My journey into shamanism began more than forty years ago. In the ensuing years I have had several beloved teachers. They represent the wide range of types of shamans, the good and the bad, and those that seemed beyond either category. Yet each spent precious time teaching me, and I hold them dear.
I am profoundly indebted to, and grateful for, these teachers, some living and some who have passed into spirit. I often think about the late Dr. Bernardo Peixoto (Ipu), an Amazonian shaman, and his wife, Cleicha, a Peruvian Highlands Shaman, who helped me understand that we are all shamans. They taught me so that I might be truly useful to others, and insisted we must all do work, even in the face of prejudice and threat. Ipu and Cleicha served their communities under the most threatening of circumstances, and remain bright lights for freedom and resistance to oppression, wonderful human beings who risked much for the good of many. I miss Ipu’s late night phone calls and laughter filled encouragement.
My work reflects the teachings of all my teachers, rather than resting in any one tradition. I am not a carrier of special or unique knowledge, nor do I have tribal affiliation. I am simply a human being doing my best to be “a good shaman.”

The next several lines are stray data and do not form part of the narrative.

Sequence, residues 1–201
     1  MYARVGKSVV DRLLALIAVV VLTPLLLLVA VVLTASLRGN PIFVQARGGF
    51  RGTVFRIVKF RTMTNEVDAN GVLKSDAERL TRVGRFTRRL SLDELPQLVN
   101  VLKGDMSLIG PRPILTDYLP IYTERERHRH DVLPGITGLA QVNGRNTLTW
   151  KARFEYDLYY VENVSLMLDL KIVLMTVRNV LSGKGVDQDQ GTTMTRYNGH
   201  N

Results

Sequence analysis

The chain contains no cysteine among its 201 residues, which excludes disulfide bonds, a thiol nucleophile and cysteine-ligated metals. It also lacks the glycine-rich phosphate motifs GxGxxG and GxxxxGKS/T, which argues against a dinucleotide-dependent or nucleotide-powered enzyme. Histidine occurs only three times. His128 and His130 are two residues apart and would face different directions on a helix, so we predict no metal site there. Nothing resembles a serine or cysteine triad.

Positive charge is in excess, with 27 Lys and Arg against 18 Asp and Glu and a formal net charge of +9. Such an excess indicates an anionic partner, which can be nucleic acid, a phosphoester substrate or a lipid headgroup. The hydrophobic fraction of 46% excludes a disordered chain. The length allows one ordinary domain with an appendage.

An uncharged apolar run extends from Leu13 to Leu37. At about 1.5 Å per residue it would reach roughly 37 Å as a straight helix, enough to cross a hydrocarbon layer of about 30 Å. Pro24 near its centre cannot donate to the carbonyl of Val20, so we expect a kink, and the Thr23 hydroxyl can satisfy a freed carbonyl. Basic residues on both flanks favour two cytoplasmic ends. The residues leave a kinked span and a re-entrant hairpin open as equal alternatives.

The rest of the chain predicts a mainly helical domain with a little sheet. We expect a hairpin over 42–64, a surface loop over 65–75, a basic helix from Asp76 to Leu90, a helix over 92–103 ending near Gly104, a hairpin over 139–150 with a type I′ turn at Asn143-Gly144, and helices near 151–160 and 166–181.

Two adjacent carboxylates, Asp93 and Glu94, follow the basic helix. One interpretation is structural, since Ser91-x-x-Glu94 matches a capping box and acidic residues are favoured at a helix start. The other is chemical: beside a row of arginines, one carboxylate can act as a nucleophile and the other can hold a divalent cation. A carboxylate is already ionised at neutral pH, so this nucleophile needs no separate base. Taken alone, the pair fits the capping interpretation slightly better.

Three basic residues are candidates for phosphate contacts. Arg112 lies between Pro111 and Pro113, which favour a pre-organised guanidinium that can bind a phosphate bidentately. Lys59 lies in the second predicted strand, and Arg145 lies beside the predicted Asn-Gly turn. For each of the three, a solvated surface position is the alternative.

I do not use Ayahuasca in my work.
Shamanic aid may draw from:
Journeywork: In which one learns to travel into alternative realities to seek guidance and aid.
Extractions: Removing invasive energies from the energy body.
Curanderismo: The traditional healing arts of the Southwestern U.S. and Latin America.
Wisdom Talks: Opportunities to think together about the wisdom teachings of many traditions.
Soul Retrieval: The recovery of lost parts of Self.
Ceremony: Structured ritual that evokes our connection with spirit, or invites friends, family, and community to honor one’s healing journey.
Energy-Work: The client lies, fully clothed, under a blanket, on a massage table, or sits in a chair. Physical touch is not required.